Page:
Commander Jane Allen, the Victory Walker, set off from HMS Victory on 21 October 2017, to walk anticlockwise round the coast of mainland UK raising money for two naval charities, the WRNS BT and RNRMC. After suffering a severe accident in February, she resumed her walk at the end of April. In this final update she triumphantly returns to Portsmouth and wishes to thank all Cobseo members for their interest and support during her 22-month challenge.
At the end of April I overcame my huge fear of stepping out again and completed the Pembrokeshire Coastal Path. Initially covering modest mileages and carrying a smaller rucksack, I began to rebuild confidence, fitness and stamina by slowly walking about 5 miles a day (instead on my usual 15 or so). One of the biggest difficulties was maintaining a physio routine once back on the road but somehow, I managed.
By the late May Bank Holiday I finally completed my 722-mile walk around the Welsh coastline, heaved a sigh of relief and walked over the old Severn Crossing bridge back into England. It wasn’t long before I reached Minehead where I began tramping the South West Coast Path.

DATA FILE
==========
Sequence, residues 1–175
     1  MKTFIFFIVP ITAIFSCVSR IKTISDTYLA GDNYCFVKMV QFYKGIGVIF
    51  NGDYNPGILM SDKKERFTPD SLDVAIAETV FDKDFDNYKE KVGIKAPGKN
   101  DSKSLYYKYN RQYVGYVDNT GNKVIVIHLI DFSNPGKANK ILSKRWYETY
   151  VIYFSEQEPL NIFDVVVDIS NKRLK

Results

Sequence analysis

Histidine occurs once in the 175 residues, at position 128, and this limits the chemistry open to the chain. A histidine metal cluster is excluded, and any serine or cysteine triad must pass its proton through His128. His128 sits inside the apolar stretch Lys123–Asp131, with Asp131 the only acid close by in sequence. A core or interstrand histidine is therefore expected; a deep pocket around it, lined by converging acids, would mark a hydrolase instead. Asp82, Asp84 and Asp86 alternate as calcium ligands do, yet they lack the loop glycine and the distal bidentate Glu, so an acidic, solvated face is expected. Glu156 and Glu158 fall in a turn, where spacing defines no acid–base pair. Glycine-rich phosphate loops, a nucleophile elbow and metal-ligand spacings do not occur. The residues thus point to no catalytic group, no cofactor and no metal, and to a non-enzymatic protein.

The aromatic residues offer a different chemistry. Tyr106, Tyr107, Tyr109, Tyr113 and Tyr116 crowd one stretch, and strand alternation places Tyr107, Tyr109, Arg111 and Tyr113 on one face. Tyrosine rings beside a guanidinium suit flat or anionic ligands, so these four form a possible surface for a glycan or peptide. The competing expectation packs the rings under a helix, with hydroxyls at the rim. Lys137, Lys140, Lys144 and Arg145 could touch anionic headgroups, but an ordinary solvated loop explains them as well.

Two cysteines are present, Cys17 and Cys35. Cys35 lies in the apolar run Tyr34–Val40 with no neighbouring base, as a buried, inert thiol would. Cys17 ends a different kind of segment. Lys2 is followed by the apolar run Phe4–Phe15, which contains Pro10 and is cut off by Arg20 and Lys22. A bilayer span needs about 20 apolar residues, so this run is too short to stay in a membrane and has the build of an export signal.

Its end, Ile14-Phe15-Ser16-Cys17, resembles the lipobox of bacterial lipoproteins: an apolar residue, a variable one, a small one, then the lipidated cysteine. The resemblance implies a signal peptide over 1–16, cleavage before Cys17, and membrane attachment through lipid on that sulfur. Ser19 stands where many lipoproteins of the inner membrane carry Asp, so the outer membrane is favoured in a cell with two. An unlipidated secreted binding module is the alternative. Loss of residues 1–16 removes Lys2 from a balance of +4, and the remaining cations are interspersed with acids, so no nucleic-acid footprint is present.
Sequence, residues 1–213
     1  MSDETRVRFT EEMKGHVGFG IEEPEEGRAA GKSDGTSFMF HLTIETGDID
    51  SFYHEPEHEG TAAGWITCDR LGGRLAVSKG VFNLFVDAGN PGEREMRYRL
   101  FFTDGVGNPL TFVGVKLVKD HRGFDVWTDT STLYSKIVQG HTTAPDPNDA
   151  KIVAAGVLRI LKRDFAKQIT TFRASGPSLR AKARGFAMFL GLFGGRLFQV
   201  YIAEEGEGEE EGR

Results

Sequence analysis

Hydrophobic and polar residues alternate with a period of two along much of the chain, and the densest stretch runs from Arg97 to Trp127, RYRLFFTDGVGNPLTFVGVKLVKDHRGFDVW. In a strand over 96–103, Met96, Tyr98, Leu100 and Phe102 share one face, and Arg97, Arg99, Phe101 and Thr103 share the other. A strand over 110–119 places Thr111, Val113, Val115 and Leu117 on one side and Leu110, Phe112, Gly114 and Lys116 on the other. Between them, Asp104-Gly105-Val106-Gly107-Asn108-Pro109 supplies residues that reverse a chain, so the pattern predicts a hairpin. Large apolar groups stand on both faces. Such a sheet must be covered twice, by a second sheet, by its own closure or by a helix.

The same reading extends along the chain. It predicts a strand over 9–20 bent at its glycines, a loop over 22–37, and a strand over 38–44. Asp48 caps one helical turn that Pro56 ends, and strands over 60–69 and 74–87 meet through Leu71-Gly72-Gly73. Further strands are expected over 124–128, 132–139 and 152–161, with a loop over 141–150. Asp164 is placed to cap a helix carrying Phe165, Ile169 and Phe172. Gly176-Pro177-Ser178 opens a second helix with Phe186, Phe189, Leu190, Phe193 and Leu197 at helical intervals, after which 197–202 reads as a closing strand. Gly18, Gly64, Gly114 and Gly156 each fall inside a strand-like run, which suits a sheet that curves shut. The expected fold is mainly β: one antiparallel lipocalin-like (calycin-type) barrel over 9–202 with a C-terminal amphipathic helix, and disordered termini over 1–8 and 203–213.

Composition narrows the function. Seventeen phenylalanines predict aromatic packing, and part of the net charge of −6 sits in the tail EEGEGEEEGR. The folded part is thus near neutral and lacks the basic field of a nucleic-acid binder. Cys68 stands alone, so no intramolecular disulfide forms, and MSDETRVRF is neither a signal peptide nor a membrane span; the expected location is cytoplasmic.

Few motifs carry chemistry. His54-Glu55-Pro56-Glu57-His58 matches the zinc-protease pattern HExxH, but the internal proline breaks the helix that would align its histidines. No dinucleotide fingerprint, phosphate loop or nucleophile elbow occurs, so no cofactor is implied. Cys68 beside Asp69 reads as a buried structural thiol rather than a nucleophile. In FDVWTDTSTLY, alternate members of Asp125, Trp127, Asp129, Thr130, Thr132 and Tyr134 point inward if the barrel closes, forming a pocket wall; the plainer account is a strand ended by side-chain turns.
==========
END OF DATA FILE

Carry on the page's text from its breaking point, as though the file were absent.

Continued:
As expected, the North Coast of Somerset, Devon and then Cornwall proved to be tough walking. Numerous ups and downs, sometimes broken by stretches of long sandy beaches, thick woodland and a few flat bits in between! Swathes of rain blew in from the Atlantic, later replaced by beating sun, blue skies and crystal-clear seas as I neared Land’s End.
Surfers and lifeguards outnumbered walkers along a route scattered with Cornwall’s industrial past: old slate quarries, capped mineshafts, derelict engine houses and mounds of spoil from long closed tin and copper mines were fascinating to ramble through. Meanwhile, the modern ‘industries’ of celebrity-created fish and chips, vast pasty shops and ice cream parlours were all doing a brisk trade.
After the long Taw and Torridge estuaries in North Devon, crossing rivers and inlets became far easier. As I progressed deeper into Cornwall and back into South Devon, I was blessed with numerous summer passenger ferries. This was my reward for walking up and round so many estuaries at the start of the Victory Walk
Rounding Land’s End was a wonderful moment, knowing I’d walked from John o’ Groats, not via the most direct route, but instead via the wiggliest route possible. To get there I’d tramped 2,955 miles across the top of Scotland, then southwards down the entire western coast of mainland UK. Leaving Cornwall’s ‘landmark attraction’ behind me, the terrain was slightly less arduous than before, with the coastline regularly punctuated by tiny coves, small fishing harbours and the larger port of Falmouth.
Determined to visit all Naval establishments before they went on summer leave, I began my gallop along the south Cornish coast, with my first stop being RNAS Culdrose. Progressing eastwards I ‘ticked-off’ significant headlands, beginning with Lizard Point, the UK mainland’s most southerly spot. This completed my collection of the mainland’s four cardinal points.